I also looked at the session ERE 3.2 Ore deposits: origin, exploration and mining and although there was a lot of focus on copper ore deposits a couple of presentations caught my eye – the first was a piece of work on Rare-Earth Elements in Pacific seafloor sediments (an interesting idea presented by Jeremie Melleton), but the best presentation for me was by Alexandra Masaitis from the University of Nevada on ‘Good Neighbour Agreements’. The work centred on the idea that above and beyond a social contract, mining companies should be seeking to be ‘good neighbours’ and establish trust with the host community. I was particularly interested because Alexandra’s case study was based in the US, with all the associated legal issues that mining in a developed country can bring. The poster described the implementation process and what was necessary, but didn’t say if the Good Neighbour Agreement was actually considered successful by the stakeholders and the company. One surprising risk that was highlighted was the idea that the company could raise the expectations of the stakeholders to a level beyond that which could reasonably be met, thereby weakening the process.

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Finally at the end of the day I attended a workshop on Enhancing your Career Prospects – adding value to your research experience. The focus of the workshop was on making the most of your time as a researcher by forming your ‘personal brand’ and using networking effectively. Now I must admit I find networking for the sake of networking a bit stupid (Id rather have something to talk about), but after this session I started to realise what it was all about. The most valuable conversation I had though, was about my personal brand. Who am I and what do I want to be? The thing that came out most for me? As an interdisciplinary researcher, I want credibility within BOTH of my disciplines. And I’m pretty sure I’m not alone – but how do we achieve this?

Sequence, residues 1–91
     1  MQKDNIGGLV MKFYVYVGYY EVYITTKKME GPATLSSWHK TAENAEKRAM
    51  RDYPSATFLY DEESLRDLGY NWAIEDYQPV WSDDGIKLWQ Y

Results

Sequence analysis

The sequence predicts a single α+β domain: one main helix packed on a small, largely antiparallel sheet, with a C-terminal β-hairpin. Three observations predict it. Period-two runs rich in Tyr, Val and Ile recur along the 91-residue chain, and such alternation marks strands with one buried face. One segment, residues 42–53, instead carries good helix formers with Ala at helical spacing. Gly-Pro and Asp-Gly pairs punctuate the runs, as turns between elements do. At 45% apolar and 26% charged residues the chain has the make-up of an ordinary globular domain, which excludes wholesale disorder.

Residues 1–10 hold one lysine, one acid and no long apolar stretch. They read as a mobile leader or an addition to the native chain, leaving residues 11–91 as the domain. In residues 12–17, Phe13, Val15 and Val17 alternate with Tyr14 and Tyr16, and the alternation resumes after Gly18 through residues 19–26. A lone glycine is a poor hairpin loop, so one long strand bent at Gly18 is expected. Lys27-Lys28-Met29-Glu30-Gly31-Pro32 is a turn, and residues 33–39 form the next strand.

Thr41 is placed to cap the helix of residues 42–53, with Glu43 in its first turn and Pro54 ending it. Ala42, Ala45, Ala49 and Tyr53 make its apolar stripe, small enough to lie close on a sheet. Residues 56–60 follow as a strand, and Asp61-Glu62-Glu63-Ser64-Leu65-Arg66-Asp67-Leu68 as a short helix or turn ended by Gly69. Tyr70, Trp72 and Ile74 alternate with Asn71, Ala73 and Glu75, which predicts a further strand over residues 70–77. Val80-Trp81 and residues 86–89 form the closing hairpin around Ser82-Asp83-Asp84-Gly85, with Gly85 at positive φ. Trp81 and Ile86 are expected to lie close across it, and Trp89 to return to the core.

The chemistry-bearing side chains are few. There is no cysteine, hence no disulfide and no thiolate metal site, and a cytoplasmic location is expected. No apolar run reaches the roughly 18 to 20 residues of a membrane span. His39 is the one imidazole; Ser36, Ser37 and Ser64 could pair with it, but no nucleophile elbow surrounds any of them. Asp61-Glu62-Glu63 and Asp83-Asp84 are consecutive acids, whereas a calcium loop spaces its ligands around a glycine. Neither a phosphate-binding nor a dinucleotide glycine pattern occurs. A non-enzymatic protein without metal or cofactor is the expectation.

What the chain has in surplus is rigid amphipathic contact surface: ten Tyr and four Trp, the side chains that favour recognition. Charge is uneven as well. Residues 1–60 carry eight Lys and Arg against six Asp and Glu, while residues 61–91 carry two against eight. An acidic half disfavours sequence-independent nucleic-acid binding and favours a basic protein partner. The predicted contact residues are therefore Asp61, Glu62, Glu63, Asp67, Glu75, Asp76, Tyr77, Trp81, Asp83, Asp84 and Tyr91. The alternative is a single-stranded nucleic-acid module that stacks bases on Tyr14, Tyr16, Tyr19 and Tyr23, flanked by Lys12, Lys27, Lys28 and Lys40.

Answers on a postcard….

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(One for the office chatters – see, it’s networking really!)